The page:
Now that Tebow has found his way to New England Patriots, Boston Red Sox scout Tom Kotchman told WEEI beat writer Rob Bradford that the Los Angeles Angels of Anaheim wanted to draft the three-sport star out of high school. If Tebow had returned his information card to the Angels, "we were going to take him," said Kotchman, who was scouting for the team at the time.
Was Tebow a legitimate Major League Baseball prospect? He didn't play as a senior, but Tebow hit .494 as a junior while leading Nease High School to the final four of the Florida state playoffs, earning all-state honors along the way.
"I believe he could have played in the big leagues," said Nease coach Greg "Boo" Mullins, who called Tebow a "six-tool player" and a potential Round 7 to 12 draft pick.
"He had a strong arm and had a lot of power," said Red Sox Florida scout Stephen Hargett, who worked with Kotchman with the Angels. "He had leverage to his swing. He had some natural loft. He had some good power. He was a good athlete. He had enough arm for that position. He was a left-handed hitter with strength and some size. He stood out. He was bigger and stronger than everybody. ... It was just easy for him. You thought, if this guy dedicated everything to baseball like he did to football, how good could he be?"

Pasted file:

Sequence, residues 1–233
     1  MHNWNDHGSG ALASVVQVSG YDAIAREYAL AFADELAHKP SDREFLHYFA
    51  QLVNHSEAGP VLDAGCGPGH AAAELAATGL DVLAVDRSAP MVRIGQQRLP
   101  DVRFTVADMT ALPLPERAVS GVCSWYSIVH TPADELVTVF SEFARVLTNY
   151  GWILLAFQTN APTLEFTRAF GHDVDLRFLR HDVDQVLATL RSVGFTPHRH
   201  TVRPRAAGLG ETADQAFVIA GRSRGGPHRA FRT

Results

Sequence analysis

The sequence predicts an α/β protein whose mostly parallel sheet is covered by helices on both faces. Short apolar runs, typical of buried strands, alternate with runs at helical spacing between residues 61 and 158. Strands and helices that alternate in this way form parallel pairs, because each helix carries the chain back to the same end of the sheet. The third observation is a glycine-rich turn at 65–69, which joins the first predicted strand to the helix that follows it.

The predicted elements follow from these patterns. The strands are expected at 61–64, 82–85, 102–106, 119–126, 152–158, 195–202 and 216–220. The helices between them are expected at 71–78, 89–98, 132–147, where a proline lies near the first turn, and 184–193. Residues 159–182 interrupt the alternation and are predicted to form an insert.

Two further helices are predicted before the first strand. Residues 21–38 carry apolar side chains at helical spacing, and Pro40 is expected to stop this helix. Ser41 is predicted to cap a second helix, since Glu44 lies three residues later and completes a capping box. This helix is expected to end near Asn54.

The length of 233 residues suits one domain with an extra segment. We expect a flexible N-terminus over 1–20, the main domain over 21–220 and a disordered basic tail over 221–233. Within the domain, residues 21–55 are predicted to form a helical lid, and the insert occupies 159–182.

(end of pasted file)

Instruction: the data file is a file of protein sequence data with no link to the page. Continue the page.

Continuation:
Tebow opted for football because "he just had a bigger fire" for the sport, Mullins explained. One can't help but wonder if he would have found more success on the diamond, where players with unconventional and inartistic mechanics have flourished since the myth of Abner Doubleday was created.
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